Well, this is it. The end of our True Blood run. We’ve had a great time and I feel like the series finale was well-deserved and thought out. Let’s get started!
We open this episode with Sookie and Bill inside her home talking through his decision to die. Bill explains that he visited his family in the cemetery and that his memorial is basically a lie. He is not buried there with his family, but it says he is. Sookie slowly begins to understand why Bill is asking her to let him die, telling her about how she won’t be able to live a normal life with him around.
Sookie seems to really get it and Bill asks her if she would kill him with her light. This plan would afford both of them what they want. Bill will be out of her life so that she can move on as per his hopes and Sookie will not be a fairy anymore – something she has been wishing for the entire series. Sookie is really upset by this proposition and asks Bill to leave.
Eric and Pam formulate a plan to free Sarah, feeding her Pam’s blood so that they may find her again, and kill Gus. Eric plans to steal the idea for New Blood and get rich off of it himself. It turns out to be pretty easy when Eric and Pam kill Gus’ men and burn Gus alive in a tunnel as he goes after Sarah.
Pam finds Sarah at an amusement park and Sarah begs Pam to turn her into a vampire. This is laughable. Worst idea ever. Pam declines and feeds off Sarah to “vaccinate” herself.
Jessica goes over to Bill’s with Hoyt and makes amends with the fact that Bill has chosen to die. Bill asks Hoyt if Jessica is the reason he has decided to stay in Bon Temps. When Hoyt confirms, Bill asks if he ever intends to marry Jessica.
This tailspins into the impromptu wedding of Jessica and Hoyt where Bill is able to walk his daughter down the aisle before his death. It’s all very sweet but rushed. I mean, I guess you’re not legally married so there are no repercussions, but that was fast (especially for Hoyt – who has no memory of their past relationship).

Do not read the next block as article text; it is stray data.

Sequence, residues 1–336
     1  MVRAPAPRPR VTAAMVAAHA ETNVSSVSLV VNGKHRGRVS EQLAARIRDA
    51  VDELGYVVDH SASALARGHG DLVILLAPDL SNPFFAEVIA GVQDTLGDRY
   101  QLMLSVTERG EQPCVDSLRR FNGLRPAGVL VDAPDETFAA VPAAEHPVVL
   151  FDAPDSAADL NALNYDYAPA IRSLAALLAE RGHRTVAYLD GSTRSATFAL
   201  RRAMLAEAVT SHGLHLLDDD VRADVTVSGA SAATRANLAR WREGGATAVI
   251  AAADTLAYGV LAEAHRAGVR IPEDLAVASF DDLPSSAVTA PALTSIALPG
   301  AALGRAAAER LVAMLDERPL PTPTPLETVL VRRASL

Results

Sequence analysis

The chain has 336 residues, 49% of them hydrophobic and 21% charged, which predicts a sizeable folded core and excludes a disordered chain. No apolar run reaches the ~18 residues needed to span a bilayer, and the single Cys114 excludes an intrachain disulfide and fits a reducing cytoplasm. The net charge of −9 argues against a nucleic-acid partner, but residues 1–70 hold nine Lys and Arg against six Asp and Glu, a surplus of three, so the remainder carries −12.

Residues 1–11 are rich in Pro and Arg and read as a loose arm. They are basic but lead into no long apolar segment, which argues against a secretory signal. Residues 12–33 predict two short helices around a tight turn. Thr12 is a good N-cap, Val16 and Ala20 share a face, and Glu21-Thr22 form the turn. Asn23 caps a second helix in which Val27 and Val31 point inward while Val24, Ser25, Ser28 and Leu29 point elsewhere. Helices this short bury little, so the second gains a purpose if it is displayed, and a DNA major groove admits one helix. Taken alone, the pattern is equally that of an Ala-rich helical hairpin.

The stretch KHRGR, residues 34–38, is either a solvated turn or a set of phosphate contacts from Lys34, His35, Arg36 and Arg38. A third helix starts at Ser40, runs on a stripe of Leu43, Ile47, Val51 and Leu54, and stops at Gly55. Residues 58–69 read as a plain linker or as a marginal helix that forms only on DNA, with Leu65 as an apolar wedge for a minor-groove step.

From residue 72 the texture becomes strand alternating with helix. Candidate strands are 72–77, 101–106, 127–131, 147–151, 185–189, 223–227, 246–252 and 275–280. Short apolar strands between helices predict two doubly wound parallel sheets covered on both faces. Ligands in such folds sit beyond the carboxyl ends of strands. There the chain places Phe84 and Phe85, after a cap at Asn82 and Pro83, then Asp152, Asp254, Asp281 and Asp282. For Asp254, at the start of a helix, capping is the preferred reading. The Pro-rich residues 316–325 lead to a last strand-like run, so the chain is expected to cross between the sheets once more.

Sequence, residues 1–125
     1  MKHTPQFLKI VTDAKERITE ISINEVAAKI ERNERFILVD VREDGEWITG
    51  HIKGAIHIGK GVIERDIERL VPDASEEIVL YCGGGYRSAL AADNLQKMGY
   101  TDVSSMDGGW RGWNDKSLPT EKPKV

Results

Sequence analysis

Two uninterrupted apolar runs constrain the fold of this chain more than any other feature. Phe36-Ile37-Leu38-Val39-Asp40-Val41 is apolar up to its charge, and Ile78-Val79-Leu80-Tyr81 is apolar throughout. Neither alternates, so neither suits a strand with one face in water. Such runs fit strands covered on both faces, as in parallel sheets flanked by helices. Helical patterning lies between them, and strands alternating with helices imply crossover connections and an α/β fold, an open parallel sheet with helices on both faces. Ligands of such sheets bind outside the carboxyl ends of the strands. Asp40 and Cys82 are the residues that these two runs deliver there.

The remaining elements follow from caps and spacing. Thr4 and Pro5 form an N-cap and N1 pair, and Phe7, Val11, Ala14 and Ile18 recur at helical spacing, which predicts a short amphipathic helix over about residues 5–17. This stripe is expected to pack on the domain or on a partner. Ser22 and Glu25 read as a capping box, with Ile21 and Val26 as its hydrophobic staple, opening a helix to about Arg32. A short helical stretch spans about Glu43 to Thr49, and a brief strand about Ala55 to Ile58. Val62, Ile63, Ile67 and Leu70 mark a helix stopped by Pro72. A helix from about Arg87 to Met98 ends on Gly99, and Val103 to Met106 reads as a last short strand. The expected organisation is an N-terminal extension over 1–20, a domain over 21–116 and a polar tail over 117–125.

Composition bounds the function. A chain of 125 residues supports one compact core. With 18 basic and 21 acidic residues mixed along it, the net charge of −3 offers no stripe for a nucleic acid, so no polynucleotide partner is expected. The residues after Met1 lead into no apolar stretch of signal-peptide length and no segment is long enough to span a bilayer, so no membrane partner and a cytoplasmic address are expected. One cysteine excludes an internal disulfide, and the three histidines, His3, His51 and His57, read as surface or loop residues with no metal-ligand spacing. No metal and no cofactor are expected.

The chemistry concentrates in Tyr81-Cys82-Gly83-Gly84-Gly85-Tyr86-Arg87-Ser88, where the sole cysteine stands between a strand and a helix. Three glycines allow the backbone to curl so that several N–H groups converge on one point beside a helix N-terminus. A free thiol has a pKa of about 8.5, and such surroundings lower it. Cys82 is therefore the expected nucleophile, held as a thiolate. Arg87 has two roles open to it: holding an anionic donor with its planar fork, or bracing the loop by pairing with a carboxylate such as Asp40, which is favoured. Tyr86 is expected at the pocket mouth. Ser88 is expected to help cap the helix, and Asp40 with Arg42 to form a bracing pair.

Sookie speaks with Jason at his home about Bill’s proposition of her killing him. Jason doesn’t give advice and just listens. Sookie lets Jason know that Bridgette likes him – she listened to her thoughts. Sookie gives her blessing even though Jason says he definitely won’t be a girlfriend fucker again. Sookie brings up the fact that they just left Jessica and Hoyt’s wedding so Bridgette definitely isn’t Hoyt’s girlfriend.
At the wedding, Sookie heard Bill’s thoughts about how he wished a normal life for Sookie because he loves her. He wishes Sookie could experience what Jessica and Hoyt have. Sookie also goes and seeks advice from Reverend Daniels. It’s a nice talk where she comes to the decision to help Bill end his life and end her fairy powers.
Sookie has made arrangements with the cemetery and she meets Bill there at night. They open his empty coffin that was buried in his place when he didn’t return from war.
Bill climbs inside the coffin and Sookie summons her light, but is unable to do it, realizing that being a fairy makes her who she is. She climbs into the coffin with Bill and uses a broken shovel handle to stake him. This scene is devastating and Sookie is covered in her lover’s guts and his mourning her loss.
A Year Later
The episode flashes to a year later where we see Eric and Pam filming a commercial for New Blood. They prattle on about how they searched for Sarah Newlin after she swallowed the antidote to Hep-V but could never find her. However, they did find a drop of her blood from a broken windowpane as she escaped her sister’s home and they synthesized it into New Blood.
Three Years Later
We cut to Eric and Pam making huge money on New Blood on the stock market. This is a great ending to the pair of our favorite vamps.
That Next Thanksgiving
During the following Thanksgiving, we see Jason and Bridgette with their three children as well as a very pregnant Sookie.
At Fangtasia, Eric is on his throne and Pam is selling 60 seconds with Sarah Newlin and her blood for $100,000 a pop.
Sarah sees a vision of Steve who asks her what she’s thankful for, to which she replies “Nothing.” Everything that Sarah got was coming to her and I don’t feel bad about it.
Back at the Thanksgiving feast, we get to see a lot of our favorite couples still together, making a toast with beers and New Bloods. Sookie hugs an unknown man who is clearly her husband as the screen fades to black.
What a great ending to a seriously killer show. The love story of Sookie and Bill is finally complete and I enjoyed how Bill received closure for himself, even if he had to die. Sookie found her own way and did end up happily ever after, as did some of our other favorite characters. This show is one of the best vampire sagas to exist and you can’t convince me otherwise. There were only small places in the entire series where I felt bored. I was always throttled by the newest revelation and the story propelled itself. Bravo! (5 / 5)
Wheel of Time, Daughter of The Night
We’ve reached episode four of Wheel of Time, which means we’re halfway through the season. While it doesn’t seem like much has happened so far, this is the episode where things start heating up.
We begin this episode with a flashback. Ishamael is raising something dark and twisted. As we watch, it takes the shape of a woman.
More on that in a bit.
Meanwhile, Nynaeve is healing from her time in the arches. She is quiet and withdrawn. She’s also awkward and uncomfortable around Egwene now that she’s initiated and Egwene is not. Her new friendship with Elayne isn’t helping.